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Wakes created from drivers have downtown residents frustrated - Live5News.com | Charleston, SC | News, Weather, Sports

Wakes created from drivers have downtown residents frustrated

CHARLESTON, SC (WCSC) -

As people in downtown Charleston recover from Tuesday's historic tide levels, they're also preparing for more rain and high tides Wednesday.

People in Harleston Place, off Barre Street, hope drivers won't drive fast through the the flooded streets.

Harleston Place sits off Lockwood Blvd. When drivers speed through the floods, wakes are created that go into people's yards and homes. 

"I've never seen flooding this bad and I've lived here over 10 years," said Peg Eastman standing just feet away from Lockwood Blvd., in her back yard.

Her backyard garden is now damaged from Tuesday's high tide.
It's something her neighbor Lucas Daniels can relate to.

"We had to redo all the plants after the first flooding three weeks ago," said Daniels. "And, we just did them two days ago. Of course they're dead."

His plants are now all ruined, because the water they've seen is not the type plants need.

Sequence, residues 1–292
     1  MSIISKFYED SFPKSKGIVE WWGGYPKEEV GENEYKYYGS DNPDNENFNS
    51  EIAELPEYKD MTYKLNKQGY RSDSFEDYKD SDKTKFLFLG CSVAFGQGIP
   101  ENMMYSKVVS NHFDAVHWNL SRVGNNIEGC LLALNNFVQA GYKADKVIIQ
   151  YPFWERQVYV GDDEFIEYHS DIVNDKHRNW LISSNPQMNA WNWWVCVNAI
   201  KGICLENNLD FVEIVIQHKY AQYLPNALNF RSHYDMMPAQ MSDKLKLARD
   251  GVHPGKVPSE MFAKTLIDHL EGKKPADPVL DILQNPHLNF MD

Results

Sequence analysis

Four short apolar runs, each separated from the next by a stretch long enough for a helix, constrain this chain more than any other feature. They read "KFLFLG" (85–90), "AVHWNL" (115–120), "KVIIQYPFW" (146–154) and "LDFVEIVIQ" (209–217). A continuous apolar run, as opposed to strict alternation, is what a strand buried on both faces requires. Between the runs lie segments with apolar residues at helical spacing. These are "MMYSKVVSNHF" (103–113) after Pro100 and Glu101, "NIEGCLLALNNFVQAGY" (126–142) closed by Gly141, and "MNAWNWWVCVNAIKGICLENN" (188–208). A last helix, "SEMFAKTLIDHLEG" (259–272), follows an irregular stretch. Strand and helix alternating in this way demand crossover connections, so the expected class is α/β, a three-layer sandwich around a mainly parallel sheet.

"It's salt water," said Daniels. "That's all the Ashley River taking its territory back."

Eastman and Daniels didn't see water in their homes, because they sit on 50 foot pilings, above their garages. But, their yards are destroyed. 

They say October hasn't been fun.

"This reminds me of a hurricane because the rain continues to come in bands," said Eastman. 

"Yea, this kind of flooding, this is impressive," said Daniels. 

They know the flooding isn't a quick fix. So, they're asking everyone to drive slow and remember, people live just feet away from the flooded streets.

As they prepare for the more rain to come down, and the tide to come up, they'll take advantage of any breaks.

"We're not used to being confined," said Eastman. "And, that's like me coming out the minute come you can to see what's going on, because you don't like being stuck in a house."

They're also planning for the future. 

"My next vehicle is probably going to be a boat," said Daniels. 

High tide Wednesday is at 9:31 a.m. and 9:56 p.m. 


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